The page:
EA could've used the technique that Epic uses on Gears of War. Set the latency requirement very low so that if the game was played on a true LAN, it would work but would fail over the Internet. That way, Gears of War doesn't work with any tunneling software like XBConnect since GOW requires a max latency of 30 ms to function which is impossibly low for the Internet to meet (I think the best Internet in the world has a latency of 80 ms). Then again, the Epic compromise doesn't prevent people from burning multiple copies of the game and playing completely offline in a LAN scenario.

 

My friend would've modded his 360 if he could play Gears of War via XBConnect. but since he can't, he begrudgingly kept it real and got a Gold subscription...

 

We would've loved to play NHL or Madden via online system link but EA spoiled our plans... Sad that they recognized our evil plans... :P

Edited by onlysublime

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Ran into yet another reason to hate EA this weekend. I was at a friend's house and he had just got SSX and wanted to show it to me. EA thoughtfully left out local multiplayer in the game and to play head to head you have to play online (with each person buying their own copy of course). Then when EA shuts down the servers in a couple of years you can't play multiplayer with your game at all!

 

T...T...T...Tricky!

 

Damn you EA.

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Ran into yet another reason to hate EA this weekend. I was at a friend's house and he had just got SSX and wanted to show it to me. EA thoughtfully left out local multiplayer in the game and to play head to head you have to play online (with each person buying their own copy of course). Then when EA shuts down the servers in a couple of years you can't play multiplayer with your game at all!

 

Are you talking about system link? Yeah, EA does not support system link (LAN play) as they believe it promotes piracy. System link is the reason we can still play Xbox1 titles over the Internet via XBConnect or Xlink Kai. I downloaded every single copy of SSX for Xbox1 (softmodded), praying that it had system link and none had it. Then I read online that EA games don't have system link because of the piracy issue.

 

I meant something as simple as split screen multiplayer that many games have. I have seen LAN play in a few ps3 titles like GT5 but not very often. That piracy argument is garbage of course, they just want you to have to buy the newest version of their game. Even on PC nobody supports LAN anymore because of the alleged piracy issue. It's really all about control and having an off switch for their game.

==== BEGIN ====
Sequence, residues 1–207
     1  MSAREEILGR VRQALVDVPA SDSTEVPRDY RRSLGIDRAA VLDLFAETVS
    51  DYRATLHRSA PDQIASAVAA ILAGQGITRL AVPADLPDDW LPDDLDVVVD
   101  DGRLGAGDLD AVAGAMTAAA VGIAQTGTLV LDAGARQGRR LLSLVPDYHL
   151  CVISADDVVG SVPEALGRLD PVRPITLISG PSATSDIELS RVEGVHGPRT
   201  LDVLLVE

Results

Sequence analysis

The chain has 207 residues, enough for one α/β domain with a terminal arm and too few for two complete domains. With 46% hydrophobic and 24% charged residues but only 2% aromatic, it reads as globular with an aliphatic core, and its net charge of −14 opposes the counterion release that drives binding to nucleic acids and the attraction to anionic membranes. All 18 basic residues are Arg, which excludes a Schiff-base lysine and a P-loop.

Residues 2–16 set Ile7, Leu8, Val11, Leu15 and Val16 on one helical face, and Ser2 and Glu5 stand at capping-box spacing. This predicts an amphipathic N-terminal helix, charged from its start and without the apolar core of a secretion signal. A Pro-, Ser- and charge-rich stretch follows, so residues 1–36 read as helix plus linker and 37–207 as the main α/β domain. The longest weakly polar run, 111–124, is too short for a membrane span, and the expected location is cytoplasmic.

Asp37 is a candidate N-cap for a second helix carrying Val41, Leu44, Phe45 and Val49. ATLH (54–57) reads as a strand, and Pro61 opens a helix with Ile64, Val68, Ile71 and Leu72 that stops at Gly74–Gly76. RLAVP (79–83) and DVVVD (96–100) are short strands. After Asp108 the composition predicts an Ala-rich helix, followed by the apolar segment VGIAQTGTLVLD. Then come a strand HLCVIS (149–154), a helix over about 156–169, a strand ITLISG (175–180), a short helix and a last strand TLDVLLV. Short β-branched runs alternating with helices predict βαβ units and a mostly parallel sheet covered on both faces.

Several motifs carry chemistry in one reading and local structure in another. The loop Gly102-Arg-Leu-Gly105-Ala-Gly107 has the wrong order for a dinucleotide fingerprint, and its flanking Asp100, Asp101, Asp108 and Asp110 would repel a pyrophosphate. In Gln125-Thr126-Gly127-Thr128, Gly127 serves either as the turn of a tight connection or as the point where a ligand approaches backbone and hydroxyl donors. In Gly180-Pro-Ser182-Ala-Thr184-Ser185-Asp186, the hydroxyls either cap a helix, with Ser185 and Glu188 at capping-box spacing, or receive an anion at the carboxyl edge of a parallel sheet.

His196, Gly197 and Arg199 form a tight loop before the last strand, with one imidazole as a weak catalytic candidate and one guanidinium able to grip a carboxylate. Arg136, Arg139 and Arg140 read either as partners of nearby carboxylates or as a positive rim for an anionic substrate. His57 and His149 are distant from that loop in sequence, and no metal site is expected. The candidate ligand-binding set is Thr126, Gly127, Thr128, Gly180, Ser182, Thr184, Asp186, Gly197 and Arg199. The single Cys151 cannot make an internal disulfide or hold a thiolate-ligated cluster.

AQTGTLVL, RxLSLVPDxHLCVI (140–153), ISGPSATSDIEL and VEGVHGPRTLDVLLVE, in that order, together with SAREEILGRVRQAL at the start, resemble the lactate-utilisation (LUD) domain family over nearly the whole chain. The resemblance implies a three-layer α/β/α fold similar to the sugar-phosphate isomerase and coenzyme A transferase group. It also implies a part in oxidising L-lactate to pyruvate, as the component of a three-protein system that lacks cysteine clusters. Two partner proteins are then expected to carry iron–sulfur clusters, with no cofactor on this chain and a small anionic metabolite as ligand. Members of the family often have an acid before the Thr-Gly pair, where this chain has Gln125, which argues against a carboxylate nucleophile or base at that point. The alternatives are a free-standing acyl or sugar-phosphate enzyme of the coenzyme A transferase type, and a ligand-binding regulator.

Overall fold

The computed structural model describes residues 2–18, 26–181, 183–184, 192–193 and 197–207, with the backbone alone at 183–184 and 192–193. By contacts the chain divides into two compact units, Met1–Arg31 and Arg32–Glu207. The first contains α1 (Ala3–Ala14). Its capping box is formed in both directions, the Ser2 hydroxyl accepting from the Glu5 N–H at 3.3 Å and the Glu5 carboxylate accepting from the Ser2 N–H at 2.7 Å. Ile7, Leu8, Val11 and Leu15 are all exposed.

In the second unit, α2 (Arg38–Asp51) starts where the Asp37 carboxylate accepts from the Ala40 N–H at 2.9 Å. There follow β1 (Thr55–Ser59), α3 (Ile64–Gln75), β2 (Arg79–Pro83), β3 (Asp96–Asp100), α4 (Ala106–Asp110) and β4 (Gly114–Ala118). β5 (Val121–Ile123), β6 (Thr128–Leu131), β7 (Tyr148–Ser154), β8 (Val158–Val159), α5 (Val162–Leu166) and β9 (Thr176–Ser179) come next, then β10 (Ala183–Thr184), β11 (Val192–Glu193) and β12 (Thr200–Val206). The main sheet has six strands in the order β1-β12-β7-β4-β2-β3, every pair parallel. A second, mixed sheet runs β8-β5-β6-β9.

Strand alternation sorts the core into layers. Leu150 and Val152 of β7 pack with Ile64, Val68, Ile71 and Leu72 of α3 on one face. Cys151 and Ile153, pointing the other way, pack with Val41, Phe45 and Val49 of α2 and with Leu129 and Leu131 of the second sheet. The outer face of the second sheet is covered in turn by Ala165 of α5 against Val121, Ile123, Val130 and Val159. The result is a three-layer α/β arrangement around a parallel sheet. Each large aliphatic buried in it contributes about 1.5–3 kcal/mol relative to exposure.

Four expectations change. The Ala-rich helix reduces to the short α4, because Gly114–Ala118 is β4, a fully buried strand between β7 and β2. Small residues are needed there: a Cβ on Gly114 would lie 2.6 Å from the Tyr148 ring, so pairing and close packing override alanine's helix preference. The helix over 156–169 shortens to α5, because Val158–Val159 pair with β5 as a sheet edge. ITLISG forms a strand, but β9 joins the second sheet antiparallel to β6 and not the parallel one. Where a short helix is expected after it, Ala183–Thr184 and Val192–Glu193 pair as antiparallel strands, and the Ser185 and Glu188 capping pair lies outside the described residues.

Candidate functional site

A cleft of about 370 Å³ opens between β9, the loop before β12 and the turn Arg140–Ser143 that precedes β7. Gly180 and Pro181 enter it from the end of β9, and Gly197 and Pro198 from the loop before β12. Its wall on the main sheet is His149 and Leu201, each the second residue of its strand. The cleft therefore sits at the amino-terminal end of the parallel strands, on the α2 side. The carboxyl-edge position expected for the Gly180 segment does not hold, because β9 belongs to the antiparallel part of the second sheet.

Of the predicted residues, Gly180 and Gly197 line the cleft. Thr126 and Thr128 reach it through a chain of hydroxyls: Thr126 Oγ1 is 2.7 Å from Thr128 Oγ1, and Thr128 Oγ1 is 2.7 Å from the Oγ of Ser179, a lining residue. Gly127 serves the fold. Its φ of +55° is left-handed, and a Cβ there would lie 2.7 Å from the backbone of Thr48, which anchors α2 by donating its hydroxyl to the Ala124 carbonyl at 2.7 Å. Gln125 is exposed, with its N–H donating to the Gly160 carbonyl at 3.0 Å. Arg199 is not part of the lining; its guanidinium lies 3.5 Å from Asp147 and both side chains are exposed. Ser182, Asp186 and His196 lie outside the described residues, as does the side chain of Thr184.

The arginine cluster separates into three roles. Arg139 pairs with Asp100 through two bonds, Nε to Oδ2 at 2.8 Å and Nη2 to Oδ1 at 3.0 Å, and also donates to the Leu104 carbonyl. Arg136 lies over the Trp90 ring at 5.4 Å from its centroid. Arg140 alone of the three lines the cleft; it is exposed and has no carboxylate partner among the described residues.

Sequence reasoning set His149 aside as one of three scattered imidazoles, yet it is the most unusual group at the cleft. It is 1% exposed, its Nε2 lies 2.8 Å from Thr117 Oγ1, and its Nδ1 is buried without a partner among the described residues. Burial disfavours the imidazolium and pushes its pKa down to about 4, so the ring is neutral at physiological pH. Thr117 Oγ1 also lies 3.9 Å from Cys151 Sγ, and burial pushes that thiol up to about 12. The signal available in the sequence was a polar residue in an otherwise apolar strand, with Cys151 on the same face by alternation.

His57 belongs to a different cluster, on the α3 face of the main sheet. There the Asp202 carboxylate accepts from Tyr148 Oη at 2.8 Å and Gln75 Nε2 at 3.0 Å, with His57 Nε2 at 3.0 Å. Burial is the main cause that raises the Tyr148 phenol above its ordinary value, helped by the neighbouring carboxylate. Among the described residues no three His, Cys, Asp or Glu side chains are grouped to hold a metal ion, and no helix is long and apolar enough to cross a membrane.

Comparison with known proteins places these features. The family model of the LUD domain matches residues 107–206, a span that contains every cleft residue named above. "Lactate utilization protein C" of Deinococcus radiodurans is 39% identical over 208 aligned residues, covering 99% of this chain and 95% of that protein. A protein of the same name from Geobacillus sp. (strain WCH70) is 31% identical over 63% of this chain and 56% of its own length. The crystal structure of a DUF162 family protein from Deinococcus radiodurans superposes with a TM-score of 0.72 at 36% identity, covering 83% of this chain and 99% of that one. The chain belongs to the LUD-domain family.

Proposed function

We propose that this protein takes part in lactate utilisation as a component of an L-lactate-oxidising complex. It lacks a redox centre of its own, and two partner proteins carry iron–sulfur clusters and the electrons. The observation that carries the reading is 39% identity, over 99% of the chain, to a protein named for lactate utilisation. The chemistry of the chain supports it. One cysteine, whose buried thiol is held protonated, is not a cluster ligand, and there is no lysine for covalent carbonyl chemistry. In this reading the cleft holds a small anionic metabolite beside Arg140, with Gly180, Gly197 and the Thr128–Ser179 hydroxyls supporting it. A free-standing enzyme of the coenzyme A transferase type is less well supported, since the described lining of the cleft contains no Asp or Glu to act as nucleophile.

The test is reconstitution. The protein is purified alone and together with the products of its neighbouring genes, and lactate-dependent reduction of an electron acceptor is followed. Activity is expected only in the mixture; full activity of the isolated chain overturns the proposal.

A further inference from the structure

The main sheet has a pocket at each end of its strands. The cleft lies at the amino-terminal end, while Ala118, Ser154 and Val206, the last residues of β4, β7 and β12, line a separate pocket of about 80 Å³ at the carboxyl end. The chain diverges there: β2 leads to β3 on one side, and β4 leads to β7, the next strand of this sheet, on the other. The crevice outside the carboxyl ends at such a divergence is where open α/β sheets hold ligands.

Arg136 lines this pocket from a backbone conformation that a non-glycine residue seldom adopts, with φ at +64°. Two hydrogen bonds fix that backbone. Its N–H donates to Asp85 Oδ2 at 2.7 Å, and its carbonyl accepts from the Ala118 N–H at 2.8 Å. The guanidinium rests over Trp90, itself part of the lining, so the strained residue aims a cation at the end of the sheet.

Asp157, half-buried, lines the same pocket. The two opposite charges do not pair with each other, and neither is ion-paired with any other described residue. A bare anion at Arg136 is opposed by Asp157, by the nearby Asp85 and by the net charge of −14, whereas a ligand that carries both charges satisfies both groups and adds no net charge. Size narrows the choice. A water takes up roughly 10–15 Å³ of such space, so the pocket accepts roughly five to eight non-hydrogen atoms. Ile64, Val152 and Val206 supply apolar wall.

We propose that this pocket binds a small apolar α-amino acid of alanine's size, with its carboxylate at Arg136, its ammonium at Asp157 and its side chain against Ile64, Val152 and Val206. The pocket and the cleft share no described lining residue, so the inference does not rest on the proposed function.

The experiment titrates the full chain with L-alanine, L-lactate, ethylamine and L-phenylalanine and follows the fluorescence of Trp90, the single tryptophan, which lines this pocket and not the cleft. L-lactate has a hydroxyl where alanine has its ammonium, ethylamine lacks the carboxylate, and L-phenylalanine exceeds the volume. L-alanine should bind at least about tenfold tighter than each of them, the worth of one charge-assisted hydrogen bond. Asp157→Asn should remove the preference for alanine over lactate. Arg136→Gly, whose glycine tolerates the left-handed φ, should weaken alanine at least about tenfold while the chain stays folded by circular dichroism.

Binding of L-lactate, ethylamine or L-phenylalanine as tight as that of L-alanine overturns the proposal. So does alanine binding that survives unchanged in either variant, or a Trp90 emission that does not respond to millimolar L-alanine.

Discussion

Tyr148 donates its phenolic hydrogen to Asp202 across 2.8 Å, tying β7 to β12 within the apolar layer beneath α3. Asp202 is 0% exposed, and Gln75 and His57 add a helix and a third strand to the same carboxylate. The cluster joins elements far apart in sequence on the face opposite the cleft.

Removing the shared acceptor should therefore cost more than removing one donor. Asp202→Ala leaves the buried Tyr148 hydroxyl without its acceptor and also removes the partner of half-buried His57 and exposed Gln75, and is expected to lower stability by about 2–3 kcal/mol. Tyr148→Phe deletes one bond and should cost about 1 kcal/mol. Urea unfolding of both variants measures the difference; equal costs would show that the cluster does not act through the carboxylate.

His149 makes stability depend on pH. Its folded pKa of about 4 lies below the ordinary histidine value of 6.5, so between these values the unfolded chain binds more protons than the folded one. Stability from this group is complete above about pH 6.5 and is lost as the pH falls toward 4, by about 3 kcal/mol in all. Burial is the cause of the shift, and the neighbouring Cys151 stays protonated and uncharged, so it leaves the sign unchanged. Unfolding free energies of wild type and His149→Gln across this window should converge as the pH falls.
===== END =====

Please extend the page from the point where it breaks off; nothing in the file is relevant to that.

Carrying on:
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Ran into yet another reason to hate EA this weekend. I was at a friend's house and he had just got SSX and wanted to show it to me. EA thoughtfully left out local multiplayer in the game and to play head to head you have to play online (with each person buying their own copy of course). Then when EA shuts down the servers in a couple of years you can't play multiplayer with your game at all!

 

Are you talking about system link? Yeah, EA does not support system link (LAN play) as they believe it promotes piracy. System link is the reason we can still play Xbox1 titles over the Internet via XBConnect or Xlink Kai. I downloaded every single copy of SSX for Xbox1 (softmodded), praying that it had system link and none had it. Then I read online that EA games don't have system link because of the piracy issue.

 

I meant something as simple as split screen multiplayer that many games have. I have seen LAN play in a few ps3 titles like GT5 but not very often. That piracy argument is garbage of course, they just want you to have to buy the newest version of their game. Even on PC nobody supports LAN anymore because of the alleged piracy issue. It's really all about control and having an off switch for their game.

 

I hadn't realized that LAN support was waining. That's one of the things I love about Gears 2 and 3 (probably on 1 but I've never used it): co-op over LAN. Though with our busy lives the opportunities are sparse, on those occassions that my buddy and I can actually meet up for some Gears co-op, it seems awfully silly to connect each of our 360's through live when we're in the same room. Kudos to you, Epic, for including LAN support!